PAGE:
Results tagged ‘ Greg Maddux ’
In a tip of the cap to the Cubs, Greg Maddux has announced he will go into the Hall of Fame with no logo on his cap. The Baseball Hall of Fame announced the cap selections that will appear on the Hall of Fame plaques last week. Induction ceremonies will be Sunday, July 27 in Cooperstown, N.Y.
According to a statement by the Hall, the plaque serves to reflect the totality of a career, details an individual’s accomplishments in the game in approximately 90 words, while listing each team on which an individual played or managed. The HOF works with the inductees on their decision. Here was Maddux’s statement regarding his pick of no logo:
“My wife Kathy and I grew up in baseball in Chicago, and then we had just an amazing experience in Atlanta with the Braves,” Maddux said. “It’s impossible for me to choose one of those teams for my Hall of Fame plaque, as the fans of both clubs in each of those cities were so wonderful. I can’t think of having my Hall of Fame induction without support of both of those fan bases, so, for that reason, the cap on my Hall of Fame plaque will not feature a logo.”
– Carrie Muskat
Greg Maddux was asked about the decision to leave the Cubs via free agency after the ’92 season on a conference call today.
“I did everything possible to stay there after the ’92 season,” Maddux said. “Things didn’t work out. I was fortunate enough to go back 11 years later. I love the city of Chicago. I actually love the Cubs. If you count the Minor Leagues, I was in Chicago for about 11 years and Atlanta for 11 years. I kind of split my time with the two teams.
“Chicago is a special place,” he said. “I would love to see them win a World Series here shortly. It would be awesome.”
Maddux pitched for the Cubs from 1986-92 and returned in 2004, leaving midway in the ’06 season.
– Carrie Muskat
Greg Maddux became the 51st former Cubs player, manager or executive to earn induction into the Hall of Fame on Wednesday. He will be formally enshrined in Cooperstown on July 27.
Maddux retired as the eighth winningest pitcher in the history of the game with 355 wins, 133 of which came during his 10 seasons with the Cubs. He won the first of his four career Cy Young Awards with the Cubs in 1992 when he went 20-11 with a 2.18 ERA in 35 starts.
* With Hank O’Day and Deacon White being elected to the HOF in 2013, this will be the first time since 1975-1976 that multiple Cubs will be inducted into the HOF in consecutive years. Tony La Russa played for the Cubs, and will be inducted into Cooperstown as a manager. The other multiple Cubs inducted include Billy Herman and Ralph Kiner in 1975, and Freddy Lindstrom and Robin Roberts in ’76.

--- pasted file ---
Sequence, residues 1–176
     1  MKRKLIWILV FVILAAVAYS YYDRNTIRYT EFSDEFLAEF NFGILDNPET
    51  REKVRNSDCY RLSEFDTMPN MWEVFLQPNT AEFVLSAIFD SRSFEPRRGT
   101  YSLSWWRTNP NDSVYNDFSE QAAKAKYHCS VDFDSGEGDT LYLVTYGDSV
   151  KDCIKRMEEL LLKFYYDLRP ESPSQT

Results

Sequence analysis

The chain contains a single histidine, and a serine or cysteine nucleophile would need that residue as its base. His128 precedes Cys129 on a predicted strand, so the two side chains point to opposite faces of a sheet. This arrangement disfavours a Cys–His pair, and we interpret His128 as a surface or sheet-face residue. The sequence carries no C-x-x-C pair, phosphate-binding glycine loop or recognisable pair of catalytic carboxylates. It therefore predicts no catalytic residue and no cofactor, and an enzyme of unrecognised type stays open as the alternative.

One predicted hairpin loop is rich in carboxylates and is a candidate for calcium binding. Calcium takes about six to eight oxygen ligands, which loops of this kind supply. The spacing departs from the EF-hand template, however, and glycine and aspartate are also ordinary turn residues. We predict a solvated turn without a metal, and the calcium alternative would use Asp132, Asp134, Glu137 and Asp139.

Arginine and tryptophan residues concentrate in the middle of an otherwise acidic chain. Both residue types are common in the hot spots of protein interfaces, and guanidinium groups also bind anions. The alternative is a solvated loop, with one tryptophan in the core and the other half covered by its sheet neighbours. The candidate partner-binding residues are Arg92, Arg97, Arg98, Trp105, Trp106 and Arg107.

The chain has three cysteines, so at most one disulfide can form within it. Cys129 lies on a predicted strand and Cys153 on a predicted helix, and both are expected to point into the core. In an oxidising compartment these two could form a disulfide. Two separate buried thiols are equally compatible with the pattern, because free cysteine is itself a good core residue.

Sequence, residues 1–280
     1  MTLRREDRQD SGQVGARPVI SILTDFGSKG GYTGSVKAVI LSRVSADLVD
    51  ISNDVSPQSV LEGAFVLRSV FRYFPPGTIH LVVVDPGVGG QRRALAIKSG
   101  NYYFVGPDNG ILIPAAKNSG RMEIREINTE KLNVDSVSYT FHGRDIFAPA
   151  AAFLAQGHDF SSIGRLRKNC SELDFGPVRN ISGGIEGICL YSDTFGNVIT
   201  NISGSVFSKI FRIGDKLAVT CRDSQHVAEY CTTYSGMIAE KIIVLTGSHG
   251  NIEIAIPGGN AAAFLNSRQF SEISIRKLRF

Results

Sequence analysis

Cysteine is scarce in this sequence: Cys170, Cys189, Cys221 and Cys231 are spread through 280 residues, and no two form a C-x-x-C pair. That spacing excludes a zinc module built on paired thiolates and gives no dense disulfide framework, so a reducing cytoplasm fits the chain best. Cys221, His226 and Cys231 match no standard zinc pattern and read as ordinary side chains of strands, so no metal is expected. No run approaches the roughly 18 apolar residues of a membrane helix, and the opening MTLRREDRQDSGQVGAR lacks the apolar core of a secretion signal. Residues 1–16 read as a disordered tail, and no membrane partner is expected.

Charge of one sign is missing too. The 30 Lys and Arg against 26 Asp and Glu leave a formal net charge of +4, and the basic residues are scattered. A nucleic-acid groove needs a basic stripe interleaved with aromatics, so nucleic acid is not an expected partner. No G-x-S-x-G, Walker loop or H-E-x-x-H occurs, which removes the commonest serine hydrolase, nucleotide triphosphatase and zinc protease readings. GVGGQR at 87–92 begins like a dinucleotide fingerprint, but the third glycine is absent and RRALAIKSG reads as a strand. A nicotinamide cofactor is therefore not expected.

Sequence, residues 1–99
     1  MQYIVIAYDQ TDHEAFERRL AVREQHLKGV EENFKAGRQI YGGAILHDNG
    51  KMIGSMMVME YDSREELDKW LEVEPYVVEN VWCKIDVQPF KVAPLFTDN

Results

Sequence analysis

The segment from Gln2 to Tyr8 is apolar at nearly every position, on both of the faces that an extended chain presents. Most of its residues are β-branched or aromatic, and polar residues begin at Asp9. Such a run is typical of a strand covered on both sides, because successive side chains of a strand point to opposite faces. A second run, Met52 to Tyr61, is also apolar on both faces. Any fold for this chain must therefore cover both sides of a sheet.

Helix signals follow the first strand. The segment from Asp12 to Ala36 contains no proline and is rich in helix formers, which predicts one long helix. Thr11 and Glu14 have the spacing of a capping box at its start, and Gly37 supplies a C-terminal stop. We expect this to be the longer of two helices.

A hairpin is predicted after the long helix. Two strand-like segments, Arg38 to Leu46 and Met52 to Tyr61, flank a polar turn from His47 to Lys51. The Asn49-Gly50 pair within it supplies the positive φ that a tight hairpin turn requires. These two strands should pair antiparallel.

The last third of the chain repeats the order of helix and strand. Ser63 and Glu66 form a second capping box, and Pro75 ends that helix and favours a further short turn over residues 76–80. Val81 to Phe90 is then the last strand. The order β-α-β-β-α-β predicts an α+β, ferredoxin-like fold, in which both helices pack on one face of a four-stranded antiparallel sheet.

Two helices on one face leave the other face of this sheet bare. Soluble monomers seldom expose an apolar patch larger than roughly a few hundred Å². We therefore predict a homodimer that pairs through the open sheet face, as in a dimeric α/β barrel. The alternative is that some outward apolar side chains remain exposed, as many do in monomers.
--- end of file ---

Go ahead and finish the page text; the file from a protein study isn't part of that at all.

* With Ron Santo being elected in 2012, at least one Cub has been elected to the HOF for three consecutive years.
* Maddux is the 21st Cubs elected to the HOF by the BBWAA and the first since Andre Dawson in 2010. LaRussa was the 29th Cub elected via “Committees” – either the Veteran’s Committee or a Committee considering managers, umpires, executives and long-retired players.
* Maddux is the 13th Cubs elected to the HOF as a pitcher; the first since Rich “Goose” Gossage in 2008 (who also was elected by the BBWAA).
(Thanks to baseball historian Ed Hartig for the information)
Dick Pole sent a text message to Greg Maddux on Tuesday, trying to beat the rush of congratulatory messages. Maddux’s former pitching coach didn’t need the BBWAA to confirm what he already knew. Maddux is a Hall of Famer, and today, it was made official. Maddux was the leading vote getter, receiving 555 votes on 571 ballots.
Although Maddux won his first game as well as his 300th with the Cubs, and struck out his first batter and his 3,000th for Chicago, he will most likely go into the Hall wearing a Braves cap. A second-round pick in 1984, he pitched for the Cubs from 1986-1992, winning the first of four Cy Young awards in ’92 when he posted a 20-11 record, 2.18 ERA, and league-leading 268 innings.